Of all the obstacles not to bring to Iceland, there was no fire jump. Normally I think of this as a silly photo-op rather than an obstacle, but when you are in the Land of Fire and Ice, you bring the fire. That’s just what you do, especially when the race is mostly in the dark. I’m hoping a risk-averse landowner was to blame for that. More seriously, Spartan once again has problems measuring its courses. The original plan was five-mile loops, and the day before the race we were told loops would be closer to six miles. In reality, the loops were closer to 6.8. I raise this because it is a flaw I have seen at almost every Spartan course. This isn’t a matter of under-promising and over-delivering. Getting the distance right at an endurance event is Race Management 101. Spartan has enough experience by now that even at a new venue they should get this right.
In the end, the event was a success. It was difficult: 600 racers started the Ultra, and only 322 finished (208 finished the two sprint waves out of 250 who registered). This is not an event for everyone. While the race could not have been a financial success, it was a way to launch a new product, the Ultra, which appears to be getting its own series separate from the Beast. Exactly how this is going to happen is still murky. The only clear message we received about the new product is that its colorway is going to be purple. However, in the same way that Tough Mudder has used the Tough Mudder distance to generate the multi-loop Toughest Mudder event at its regular venues, it appears that Spartan is using this format to create a much longer event without having to wrangle a longer race course. Very clever.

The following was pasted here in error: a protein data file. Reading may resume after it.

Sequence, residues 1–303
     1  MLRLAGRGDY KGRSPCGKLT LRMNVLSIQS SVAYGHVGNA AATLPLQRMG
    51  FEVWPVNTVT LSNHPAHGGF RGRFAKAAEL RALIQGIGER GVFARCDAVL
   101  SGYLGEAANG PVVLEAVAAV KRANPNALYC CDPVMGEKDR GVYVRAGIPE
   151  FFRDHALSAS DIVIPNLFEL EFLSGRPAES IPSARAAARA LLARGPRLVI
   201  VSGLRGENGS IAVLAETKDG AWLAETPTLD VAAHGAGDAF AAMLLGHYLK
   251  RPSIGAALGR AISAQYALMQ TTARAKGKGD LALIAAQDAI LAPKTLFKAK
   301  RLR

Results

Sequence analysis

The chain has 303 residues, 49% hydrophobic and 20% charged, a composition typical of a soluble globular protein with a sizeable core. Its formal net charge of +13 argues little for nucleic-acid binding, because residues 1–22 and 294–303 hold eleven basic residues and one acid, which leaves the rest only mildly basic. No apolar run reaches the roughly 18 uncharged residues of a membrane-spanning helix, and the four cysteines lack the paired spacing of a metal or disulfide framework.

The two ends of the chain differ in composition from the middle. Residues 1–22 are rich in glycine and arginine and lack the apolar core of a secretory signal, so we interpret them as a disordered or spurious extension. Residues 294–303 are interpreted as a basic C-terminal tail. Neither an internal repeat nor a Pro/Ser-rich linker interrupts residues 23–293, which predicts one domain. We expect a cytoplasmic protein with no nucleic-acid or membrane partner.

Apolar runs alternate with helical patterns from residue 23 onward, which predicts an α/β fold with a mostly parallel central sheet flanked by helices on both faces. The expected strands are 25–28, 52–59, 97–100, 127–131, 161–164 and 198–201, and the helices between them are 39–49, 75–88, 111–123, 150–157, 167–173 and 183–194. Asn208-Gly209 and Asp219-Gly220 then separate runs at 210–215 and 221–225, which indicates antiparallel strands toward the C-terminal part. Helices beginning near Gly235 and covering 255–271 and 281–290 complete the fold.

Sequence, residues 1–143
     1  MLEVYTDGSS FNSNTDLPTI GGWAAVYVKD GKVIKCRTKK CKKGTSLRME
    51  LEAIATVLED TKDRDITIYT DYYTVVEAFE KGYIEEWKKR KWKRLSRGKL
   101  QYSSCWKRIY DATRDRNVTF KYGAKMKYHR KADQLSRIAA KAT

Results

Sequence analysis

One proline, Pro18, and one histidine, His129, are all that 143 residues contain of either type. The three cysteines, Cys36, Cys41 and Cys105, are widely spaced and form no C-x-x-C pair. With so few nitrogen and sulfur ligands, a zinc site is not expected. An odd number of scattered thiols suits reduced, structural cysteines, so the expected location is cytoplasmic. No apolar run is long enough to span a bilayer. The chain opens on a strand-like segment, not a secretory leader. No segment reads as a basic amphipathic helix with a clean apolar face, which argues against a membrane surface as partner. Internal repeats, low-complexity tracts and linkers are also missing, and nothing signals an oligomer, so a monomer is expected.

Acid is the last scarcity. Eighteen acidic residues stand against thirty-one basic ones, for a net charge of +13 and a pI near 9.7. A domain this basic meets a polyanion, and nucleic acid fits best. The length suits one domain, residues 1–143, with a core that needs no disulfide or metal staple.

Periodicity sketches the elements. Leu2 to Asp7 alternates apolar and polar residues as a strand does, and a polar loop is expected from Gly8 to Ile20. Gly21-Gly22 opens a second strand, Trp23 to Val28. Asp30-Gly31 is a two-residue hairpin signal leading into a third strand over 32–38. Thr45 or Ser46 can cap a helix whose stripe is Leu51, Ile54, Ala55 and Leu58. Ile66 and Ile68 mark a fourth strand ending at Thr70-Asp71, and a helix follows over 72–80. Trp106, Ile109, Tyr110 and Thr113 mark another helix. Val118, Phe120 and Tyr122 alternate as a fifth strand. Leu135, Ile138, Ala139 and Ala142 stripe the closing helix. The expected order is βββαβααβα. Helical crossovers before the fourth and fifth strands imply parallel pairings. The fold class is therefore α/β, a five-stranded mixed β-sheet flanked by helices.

The Ultra Appeal
Who will sign up for this new product? Plenty of people, apparently. One refrain I heard from several racers was that the race was not challenging enough. At first, I thought this was bravado, but when I talked to these racers, many were coming from an ultrarunner background; their events can be longer and more difficult than what they encountered in Iceland. There is a market for very difficult events, and remember that Joe De Sena has a background in adventure races. Those events are frequently multi-day challenges that test not just athletic endurance levels but also raw survival skills. The question remains whether the Spartan brand can pull together enough new racers into a product with this level of difficulty, either from those who regularly do more difficult events or from those who are attempting their first twenty-four-hour race.
Spartan is definitely going to try: after the race, it sent out a survey asking where racers would be interested in having next year’s Ultra Championship. Iceland was an option, and after the money and research expended to find this unique spot, it seems a shame not to go back. However, other Scandinavian countries were on the list, as were some closer to home. Wherever the Ultra Championship lands next year, one thing is for sure: it will be both epic and grueling.